Sunday, November 24, 2013

Waterjetting 15c - Surface quality

In the beginning, when the very name of waterjet cutting was, in itself enough to create an interest, the quality of the surface that was left after the jet passed was not a critical factor. The surface was, relative to other techniques, left in a cold condition without the imposition of additional stresses brought about by the cutting process. This, in itself brought some benefits to the use of this new tool, and when melded with the benefit of a continually sharpening blade, meant that there were a wide variety of applications where it had an immediate (in not so quickly recognized) benefit. One of these was in the cutting of food products. Here, where the aesthetic need for a sharp clean-cut surface could be joined with the reduced crushing along the cut line, provided an increased appeal both in immediate and longer-term to the use of a plain waterjet system.

Back in the days when we were all trying to find new ways of using this new tool, I remember colleagues from the National Research Council in Canada commenting about relative trials in cutting peaches. The problem with mechanical cutting of freestone peaches is that the knives occasionally hit the stone, distorting the cutting edge and, over time, making for a ragged cut. In looking for alternatives, the NRC compared laser cutting with that of a high-pressure waterjet system. With the laser there was this strong smell of burning, a relatively wide cut appeared on the surface, but the high water content of the flesh of the peach inhibited further cutting. With the waterjet, in contrast, the cut was cleanly and effectively achieved within the necessary time. The cut was clean, and without the compression of fibers that would, otherwise over time lead to discoloration and customer dislike. More recently this same result has led to the widespread use of waterjets in trimming, for example, the lengths of celery that are found in the grocery sections of many stores.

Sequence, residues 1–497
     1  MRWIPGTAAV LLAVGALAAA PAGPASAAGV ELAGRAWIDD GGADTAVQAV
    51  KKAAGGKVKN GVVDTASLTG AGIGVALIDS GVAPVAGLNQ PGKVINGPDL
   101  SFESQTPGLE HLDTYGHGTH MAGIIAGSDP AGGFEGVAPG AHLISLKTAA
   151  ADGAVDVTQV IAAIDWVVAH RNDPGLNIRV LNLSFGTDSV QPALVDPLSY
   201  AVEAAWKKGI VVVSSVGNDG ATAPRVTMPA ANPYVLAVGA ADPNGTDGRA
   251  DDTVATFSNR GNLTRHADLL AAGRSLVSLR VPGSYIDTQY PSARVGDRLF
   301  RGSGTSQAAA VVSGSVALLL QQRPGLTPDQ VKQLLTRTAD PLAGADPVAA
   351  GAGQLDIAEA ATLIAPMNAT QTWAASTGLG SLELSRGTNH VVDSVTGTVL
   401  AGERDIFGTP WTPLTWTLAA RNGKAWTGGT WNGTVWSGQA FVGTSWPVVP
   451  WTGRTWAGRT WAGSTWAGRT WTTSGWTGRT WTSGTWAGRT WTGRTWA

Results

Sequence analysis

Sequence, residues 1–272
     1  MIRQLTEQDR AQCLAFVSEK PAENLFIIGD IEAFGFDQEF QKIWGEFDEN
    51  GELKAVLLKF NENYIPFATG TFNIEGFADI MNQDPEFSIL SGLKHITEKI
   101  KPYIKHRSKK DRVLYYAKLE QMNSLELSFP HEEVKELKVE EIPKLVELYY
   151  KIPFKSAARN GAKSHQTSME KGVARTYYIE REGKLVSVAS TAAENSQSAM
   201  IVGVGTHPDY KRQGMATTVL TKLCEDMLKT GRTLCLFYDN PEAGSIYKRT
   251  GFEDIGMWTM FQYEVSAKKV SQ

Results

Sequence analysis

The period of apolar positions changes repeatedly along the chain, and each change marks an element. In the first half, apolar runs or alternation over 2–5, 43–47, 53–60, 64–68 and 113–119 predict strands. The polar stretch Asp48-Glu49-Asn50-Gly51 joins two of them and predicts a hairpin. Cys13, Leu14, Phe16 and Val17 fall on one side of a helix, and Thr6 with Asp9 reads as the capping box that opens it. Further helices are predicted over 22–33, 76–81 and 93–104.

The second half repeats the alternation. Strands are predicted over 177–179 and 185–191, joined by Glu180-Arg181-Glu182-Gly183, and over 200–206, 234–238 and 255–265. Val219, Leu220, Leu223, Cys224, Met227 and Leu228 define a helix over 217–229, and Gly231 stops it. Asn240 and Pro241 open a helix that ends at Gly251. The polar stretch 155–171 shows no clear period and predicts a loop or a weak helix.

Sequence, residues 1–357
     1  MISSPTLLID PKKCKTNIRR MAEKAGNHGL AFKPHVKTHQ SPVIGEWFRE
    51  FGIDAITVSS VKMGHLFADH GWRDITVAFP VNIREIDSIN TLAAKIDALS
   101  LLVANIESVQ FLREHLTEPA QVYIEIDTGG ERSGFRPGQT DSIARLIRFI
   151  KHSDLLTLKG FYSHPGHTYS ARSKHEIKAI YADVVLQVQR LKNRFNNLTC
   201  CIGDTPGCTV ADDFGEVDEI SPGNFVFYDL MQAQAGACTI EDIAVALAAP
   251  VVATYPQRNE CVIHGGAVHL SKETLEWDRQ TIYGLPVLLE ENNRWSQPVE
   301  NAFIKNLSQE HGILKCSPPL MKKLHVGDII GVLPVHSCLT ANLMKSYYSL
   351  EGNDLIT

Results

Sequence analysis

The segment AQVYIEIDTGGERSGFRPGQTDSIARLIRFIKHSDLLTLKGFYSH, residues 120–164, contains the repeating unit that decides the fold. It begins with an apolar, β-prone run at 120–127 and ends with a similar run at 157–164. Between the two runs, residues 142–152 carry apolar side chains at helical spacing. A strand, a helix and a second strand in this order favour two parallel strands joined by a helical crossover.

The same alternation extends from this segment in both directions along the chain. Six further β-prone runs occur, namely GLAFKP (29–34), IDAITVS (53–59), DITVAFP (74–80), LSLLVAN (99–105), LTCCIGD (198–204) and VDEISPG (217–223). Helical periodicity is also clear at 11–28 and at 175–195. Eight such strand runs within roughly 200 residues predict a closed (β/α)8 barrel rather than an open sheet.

Cut edge quality is thus an important issue when it comes to selling the benefits of this new tool. But edge quality means different things to different customers. To aircraft manufacturers that we have worked with, being able to cut through half-inch thick titanium with a precision of 0.001 inches over the alignment of the cut was a critical problem. In cutting the walls of the Omnimax Theater under the Gateway Arch in St. Louis we were asked to maintain the wall alignment, over its fifteen-foot depth, within an inch of vertical. (Which turns out to be a precision of 0.005 inches per inch, not that much greater a tolerance than that we provided in the aircraft application). In cutting through the granite to make the Millennium Arch the concern was more to ensure that when the central figure was completely outlined that there would be no protrusion that would stop the two parts of the piece being separated.

In traditional processing, it is common to expect that, after the pieces of an assembly have been separately cut out, that the part edges will be finished separately, before the components are brought together in final assembly. Thus, as an example, after using a cutting device to cut the shapes of different parts of an assembly, secondary finishing is built into the cost and time schedule to allow for this additional step of cleaning up the edges of the parts to remove the cut imperfections that form as a part of conventional cutting.